Can Google Go 100 Percent Renewable?


This week, Google announced in a blog post a new $80 million investment in solar energy in California and Arizona, bringing its total investments in renewable energy since 2010 to over $1 billion. It’s just the latest step in an ongoing project by Google to keep at the forefront of the green energy industry.

In an interview with the Guardian earlier this year, Rick Needham, Google’s director of energy and sustainability, explained Google’s shift into the renewable energy industry:

“When Google thinks about sustainability, one of the big areas that we think about is energy because that’s fundamentally a core piece of what drives our company. We think what can we do as a company to make sure we’re operating sustainably and the ways we can enable a more sustainable world. We ask what can we do to get us to a place where clean energy is an option for everyone.” [The Guardian]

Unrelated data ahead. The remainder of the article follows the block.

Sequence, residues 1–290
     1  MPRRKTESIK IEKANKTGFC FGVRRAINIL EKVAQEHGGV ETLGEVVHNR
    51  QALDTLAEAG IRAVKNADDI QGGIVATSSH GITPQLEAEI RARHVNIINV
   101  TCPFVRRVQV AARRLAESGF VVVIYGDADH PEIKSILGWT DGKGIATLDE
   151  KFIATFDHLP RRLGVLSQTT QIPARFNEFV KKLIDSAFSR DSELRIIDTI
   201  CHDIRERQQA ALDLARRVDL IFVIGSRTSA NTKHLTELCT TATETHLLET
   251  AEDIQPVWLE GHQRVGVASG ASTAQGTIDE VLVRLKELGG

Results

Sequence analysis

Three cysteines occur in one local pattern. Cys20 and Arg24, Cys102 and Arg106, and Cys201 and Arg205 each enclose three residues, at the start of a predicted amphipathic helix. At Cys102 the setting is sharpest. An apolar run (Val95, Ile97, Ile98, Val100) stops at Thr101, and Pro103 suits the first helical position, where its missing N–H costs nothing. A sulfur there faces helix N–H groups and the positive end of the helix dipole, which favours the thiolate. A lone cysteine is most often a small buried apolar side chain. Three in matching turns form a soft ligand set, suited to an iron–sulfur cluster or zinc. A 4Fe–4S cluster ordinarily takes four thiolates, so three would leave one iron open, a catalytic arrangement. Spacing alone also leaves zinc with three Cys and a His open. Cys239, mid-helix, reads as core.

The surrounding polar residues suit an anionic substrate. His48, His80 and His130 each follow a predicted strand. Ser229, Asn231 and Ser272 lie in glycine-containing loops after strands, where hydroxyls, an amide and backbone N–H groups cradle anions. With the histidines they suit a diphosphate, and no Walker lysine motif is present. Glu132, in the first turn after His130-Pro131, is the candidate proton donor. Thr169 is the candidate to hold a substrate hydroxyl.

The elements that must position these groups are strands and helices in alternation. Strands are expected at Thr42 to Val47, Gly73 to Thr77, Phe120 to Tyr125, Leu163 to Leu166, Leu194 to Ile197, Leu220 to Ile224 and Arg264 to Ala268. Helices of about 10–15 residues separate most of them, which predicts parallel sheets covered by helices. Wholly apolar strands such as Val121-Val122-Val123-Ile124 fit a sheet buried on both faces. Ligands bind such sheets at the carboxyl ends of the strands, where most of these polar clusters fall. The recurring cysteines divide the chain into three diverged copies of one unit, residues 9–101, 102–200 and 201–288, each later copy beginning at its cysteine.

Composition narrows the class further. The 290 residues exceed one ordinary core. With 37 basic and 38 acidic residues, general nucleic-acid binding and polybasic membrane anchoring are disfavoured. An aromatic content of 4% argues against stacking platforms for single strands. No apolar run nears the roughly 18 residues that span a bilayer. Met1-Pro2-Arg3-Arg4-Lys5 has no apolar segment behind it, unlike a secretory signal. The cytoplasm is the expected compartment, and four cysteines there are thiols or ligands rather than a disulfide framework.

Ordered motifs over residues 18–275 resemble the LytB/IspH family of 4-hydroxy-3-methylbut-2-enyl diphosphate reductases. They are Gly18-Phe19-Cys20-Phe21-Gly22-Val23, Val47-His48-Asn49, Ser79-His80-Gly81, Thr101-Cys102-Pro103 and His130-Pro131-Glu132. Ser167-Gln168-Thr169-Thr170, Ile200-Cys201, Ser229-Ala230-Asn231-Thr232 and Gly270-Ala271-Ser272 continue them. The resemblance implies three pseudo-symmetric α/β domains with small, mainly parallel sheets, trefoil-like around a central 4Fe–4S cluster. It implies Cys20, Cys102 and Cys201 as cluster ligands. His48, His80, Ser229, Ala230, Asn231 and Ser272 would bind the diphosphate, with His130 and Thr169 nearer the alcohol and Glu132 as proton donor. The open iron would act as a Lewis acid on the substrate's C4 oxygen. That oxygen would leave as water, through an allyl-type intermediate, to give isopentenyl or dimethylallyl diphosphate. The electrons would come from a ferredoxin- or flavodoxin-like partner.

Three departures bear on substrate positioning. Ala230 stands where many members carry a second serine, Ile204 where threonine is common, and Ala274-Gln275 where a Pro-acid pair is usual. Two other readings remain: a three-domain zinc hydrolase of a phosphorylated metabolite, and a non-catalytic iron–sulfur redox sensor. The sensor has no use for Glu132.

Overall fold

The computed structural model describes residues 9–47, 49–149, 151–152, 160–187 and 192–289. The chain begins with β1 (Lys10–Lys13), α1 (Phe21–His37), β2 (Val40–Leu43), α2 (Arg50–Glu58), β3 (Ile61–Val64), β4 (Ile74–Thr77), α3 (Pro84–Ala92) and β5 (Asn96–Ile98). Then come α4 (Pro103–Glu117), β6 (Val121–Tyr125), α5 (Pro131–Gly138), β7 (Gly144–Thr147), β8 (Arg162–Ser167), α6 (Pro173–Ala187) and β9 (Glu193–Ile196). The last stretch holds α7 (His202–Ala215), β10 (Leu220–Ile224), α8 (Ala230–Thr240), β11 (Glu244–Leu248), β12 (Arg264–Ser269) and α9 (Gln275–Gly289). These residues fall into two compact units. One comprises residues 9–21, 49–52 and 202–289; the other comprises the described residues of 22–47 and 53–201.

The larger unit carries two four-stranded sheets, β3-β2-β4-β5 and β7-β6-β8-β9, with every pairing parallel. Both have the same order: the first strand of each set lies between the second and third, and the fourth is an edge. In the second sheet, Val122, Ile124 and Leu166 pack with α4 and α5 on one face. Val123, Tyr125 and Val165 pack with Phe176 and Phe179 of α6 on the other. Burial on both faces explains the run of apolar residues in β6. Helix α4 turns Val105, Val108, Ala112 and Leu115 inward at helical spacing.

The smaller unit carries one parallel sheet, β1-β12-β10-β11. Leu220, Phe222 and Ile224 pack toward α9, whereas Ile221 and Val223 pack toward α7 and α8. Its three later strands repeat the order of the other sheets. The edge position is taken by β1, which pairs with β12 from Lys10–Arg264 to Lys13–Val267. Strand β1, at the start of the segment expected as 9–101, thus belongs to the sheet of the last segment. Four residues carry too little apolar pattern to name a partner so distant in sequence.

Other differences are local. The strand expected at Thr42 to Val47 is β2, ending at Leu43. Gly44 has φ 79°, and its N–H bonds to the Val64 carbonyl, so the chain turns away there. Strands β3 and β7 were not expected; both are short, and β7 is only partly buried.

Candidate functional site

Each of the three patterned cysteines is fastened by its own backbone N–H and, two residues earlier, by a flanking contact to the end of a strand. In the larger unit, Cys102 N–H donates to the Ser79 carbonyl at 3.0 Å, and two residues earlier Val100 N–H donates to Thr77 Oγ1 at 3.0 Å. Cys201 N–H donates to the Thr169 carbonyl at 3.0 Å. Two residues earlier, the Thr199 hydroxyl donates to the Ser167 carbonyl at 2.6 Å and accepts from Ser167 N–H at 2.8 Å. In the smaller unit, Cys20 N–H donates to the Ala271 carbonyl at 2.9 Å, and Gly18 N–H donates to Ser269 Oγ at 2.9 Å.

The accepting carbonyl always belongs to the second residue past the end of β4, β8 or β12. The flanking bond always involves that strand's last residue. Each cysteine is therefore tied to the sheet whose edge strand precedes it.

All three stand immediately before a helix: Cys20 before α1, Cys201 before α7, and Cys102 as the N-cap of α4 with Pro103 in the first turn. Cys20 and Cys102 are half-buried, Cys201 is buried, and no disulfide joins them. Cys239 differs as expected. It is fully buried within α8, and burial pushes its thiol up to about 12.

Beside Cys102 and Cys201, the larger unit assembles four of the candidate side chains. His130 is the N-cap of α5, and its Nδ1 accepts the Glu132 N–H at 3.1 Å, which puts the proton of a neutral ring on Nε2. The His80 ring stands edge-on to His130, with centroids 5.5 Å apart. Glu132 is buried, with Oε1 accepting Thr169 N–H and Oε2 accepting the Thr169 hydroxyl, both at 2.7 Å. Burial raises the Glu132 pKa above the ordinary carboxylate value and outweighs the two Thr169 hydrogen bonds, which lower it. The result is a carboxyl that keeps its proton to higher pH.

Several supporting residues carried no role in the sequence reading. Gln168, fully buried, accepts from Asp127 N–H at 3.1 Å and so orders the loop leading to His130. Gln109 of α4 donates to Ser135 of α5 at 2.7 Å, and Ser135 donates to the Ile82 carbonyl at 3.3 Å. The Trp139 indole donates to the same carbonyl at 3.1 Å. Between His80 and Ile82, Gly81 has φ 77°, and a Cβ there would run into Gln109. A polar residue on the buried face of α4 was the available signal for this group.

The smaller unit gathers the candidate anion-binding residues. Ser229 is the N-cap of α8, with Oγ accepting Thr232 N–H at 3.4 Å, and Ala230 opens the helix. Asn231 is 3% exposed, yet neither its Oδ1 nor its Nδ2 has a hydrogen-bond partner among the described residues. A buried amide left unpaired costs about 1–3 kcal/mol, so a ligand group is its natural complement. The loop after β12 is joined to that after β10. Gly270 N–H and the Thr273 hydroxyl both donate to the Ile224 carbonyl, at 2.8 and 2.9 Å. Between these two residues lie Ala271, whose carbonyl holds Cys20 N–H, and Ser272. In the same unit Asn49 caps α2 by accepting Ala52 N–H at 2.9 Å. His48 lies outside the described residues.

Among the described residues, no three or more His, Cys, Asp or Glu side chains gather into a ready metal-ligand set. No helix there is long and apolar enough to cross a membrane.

He adds that Google’s ultimate aim is to derive 100 percent of its energy usage from renewable sources:

“We want to be 100 percent renewable. We don’t have a date set for that target, but with our investments, we aim to move the market in that direction.” [The Guardian]

Besides attaining the dream of clean and sustainable energy, I can think of three business reasons why Google might want to go totally green.


5 thoughts on “Can Google Go 100 Percent Renewable?

  1. Google and John Aziz remain leaders in exploring new ideas! Let’s keep a couple of facts in mind as technologies and human follies unfold.

    Additional evidence and expert testimony continue to debunk anthropogenic global warming, now hiding behind euphemisms “clean energy” and “climate change”.

    My limited understanding confirms John’s assertion that storage is the major obstacle to growth of renewable energy. There is little or no news on storage technology research and development — by industry, government sponsored, or even Obama’s crony-capitalists.

  2. Google is its own cartel. It controls an enormous amount of economic value without producing any of its own. They are like an information bank, another parasite feeding at the human animal.

    If they go 100% green, then they do it because they feel they will profit by it, not for any moral reason.

  3. I would love to have solar panels put on my roof. But the problem with solar panels on the roof is that they make roof repair almost impossible. In case there is leak or something. Solar panels may be cheap but maintenance cost your fortune.

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